Police name two more suspects in Bali bombings
The Jakarta Post, Jakarta/Bali
The police have named two more suspects in the Oct. 12 Bali blasts, though of all the suspects named so far two are assumed to have died in the attack.
Chief investigator Insp. Gen. I Made Mangku Pastika said in Jakarta on Monday that the two new suspects were identified as Zulkifli Marzuki, a Malaysian citizen, and Jim, who is believed to have been killed during the bombings.
The new suspects were named based on the results of the police investigation into key suspect Ali Imron, who along with 14 other people was arrested on a remote island off the coast of East Kalimantan early last week.
Pastika said that according to Ali's statements to interrogators, Zulkifli, a secretary of Jamaah Islamiyah (JI), attended a meeting in Bangkok in February 2002 to discuss possible bombings in Singapore and Indonesia.
Attending the meeting were a number of JI leaders, including main Bali bombing suspects Hambali, who is still at large, Ali's older brother Mukhlas and three Malaysians -- Azhari, Noordin Moch. Top and Wan Min bin Wan Mat. Wan Min has been detained by Malaysian authorities while the two other Malaysian suspects remain at large.
"Ali also confessed that there was a close relation between the Bali bombing perpetrators and the JI network," he said at the ASEAN workshop on combating terrorism in Jakarta.
Pastika said that Ali also revealed that Jim drove the L-300 van that exploded outside the Sari Club.
"Ali Imron said that he drove the car to the T-junction of Jl. Legian in Kuta and handed over it to Jim for the attack," Pastika said.
He also said that based on Ali's account, neither Jim nor Muhammad Iqbal, who is also believed to have died in the attack, could be called suicide bombers because both were killed unintentionally when the bombs went off.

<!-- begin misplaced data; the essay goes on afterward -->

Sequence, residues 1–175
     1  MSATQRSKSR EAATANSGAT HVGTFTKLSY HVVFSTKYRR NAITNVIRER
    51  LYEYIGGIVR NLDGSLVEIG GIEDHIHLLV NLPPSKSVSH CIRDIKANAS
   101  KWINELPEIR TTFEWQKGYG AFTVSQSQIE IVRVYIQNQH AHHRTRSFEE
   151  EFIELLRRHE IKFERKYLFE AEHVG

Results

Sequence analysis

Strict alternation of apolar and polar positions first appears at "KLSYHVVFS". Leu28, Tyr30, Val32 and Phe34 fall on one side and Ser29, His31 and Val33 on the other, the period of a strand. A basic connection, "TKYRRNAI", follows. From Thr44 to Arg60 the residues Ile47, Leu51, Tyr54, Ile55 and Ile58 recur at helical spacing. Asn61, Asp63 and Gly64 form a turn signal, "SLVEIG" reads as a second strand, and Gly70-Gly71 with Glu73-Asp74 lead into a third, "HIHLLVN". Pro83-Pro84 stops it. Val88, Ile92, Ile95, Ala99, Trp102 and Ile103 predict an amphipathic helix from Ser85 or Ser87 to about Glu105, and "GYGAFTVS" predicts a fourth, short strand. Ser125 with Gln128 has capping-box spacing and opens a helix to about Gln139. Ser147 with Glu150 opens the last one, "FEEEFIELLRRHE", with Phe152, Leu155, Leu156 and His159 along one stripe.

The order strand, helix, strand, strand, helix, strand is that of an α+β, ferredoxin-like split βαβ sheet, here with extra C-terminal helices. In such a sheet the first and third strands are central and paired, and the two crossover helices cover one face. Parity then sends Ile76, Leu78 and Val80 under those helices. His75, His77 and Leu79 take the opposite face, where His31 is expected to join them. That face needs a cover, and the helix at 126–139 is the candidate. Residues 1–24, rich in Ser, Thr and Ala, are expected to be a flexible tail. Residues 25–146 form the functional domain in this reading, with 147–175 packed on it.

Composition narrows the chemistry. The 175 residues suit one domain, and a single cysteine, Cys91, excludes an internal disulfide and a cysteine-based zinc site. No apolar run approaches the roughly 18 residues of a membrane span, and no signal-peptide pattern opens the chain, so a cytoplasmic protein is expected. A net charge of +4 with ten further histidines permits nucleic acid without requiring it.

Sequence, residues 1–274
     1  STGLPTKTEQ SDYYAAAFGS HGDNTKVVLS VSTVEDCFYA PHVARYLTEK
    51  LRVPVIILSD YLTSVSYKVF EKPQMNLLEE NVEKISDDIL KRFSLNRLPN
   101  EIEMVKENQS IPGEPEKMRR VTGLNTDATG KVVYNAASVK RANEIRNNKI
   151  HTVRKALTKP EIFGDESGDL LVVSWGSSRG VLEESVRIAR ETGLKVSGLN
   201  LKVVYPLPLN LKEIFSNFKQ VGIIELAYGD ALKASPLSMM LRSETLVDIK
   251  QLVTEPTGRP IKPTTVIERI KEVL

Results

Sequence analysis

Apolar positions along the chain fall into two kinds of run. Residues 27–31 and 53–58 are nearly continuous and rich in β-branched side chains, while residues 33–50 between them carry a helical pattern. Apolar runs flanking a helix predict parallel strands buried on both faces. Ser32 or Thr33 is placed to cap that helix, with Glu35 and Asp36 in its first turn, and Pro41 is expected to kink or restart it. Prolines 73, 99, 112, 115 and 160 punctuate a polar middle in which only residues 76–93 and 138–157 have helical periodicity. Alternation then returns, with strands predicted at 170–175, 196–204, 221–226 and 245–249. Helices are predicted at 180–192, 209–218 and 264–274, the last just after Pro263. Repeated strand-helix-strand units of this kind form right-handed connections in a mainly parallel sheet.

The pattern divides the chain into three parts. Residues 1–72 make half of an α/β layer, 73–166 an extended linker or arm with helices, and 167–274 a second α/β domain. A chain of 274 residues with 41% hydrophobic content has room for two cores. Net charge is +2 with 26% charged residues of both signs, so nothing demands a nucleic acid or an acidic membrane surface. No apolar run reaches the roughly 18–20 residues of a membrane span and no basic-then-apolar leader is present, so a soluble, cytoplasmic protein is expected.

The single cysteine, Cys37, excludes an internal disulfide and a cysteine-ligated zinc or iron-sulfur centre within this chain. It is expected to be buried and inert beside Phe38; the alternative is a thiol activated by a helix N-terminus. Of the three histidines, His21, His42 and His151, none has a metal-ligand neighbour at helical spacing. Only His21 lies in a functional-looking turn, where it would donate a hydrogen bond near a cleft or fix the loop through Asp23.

So far, the police have arrested some 30 people who were allegedly involved in the deadly blasts at Paddy's Cafe, the Sari Club and Renon. The attacks killed almost 200 people and injured more than 320 others.
Of the 30, five are being held as main suspects and 21 are being held as accomplice. The status of the other four is unclear. The police are still looking for nine other suspects, including Dulmatin and Idris, who are believed to have detonated the bombs with cellular phones.
The police are expected to resubmit to the prosecutor's office in Denpasar the dossier on Amrozi this week. The dossier was returned last week for administrative matters.
Meanwhile, Abdul Salam, one of the 15 people arrested in East Kalimantan last week, was transferred from Denpasar on Monday because there was insufficient evidence that he helped the fugitives Ali and Hutomo Pamungkas.
The spokesman for the team investigating the Bali bombing, Zainuri Lubis, said Abdul Salam was being transferred to East Java, where the police would question him about allegations he helped hide firearms belonging to Ali Imron.
He also said that Hamzah Baya, alias Sholeh, another suspect in the bombing, had malaria and was being held in isolation at Trijaya Hospital in Denpasar.
Zainuri said not all of the suspects from East Kalimantan knew each other, and some of them met for the first time after they were arrested.
He said the police would reconstruct the bombing after the Australian Federal Police (AFP) and the National Police Headquarters completed their forensic investigation into residue found at a house on Jl. Menjangan in Denpasar that was rented by the suspects.
Zainuri predicted that the results of the forensic investigation would be released on Friday.
AFP field commander Scott Lee said tests on the residue would help the police identify the type of explosives the bombers used.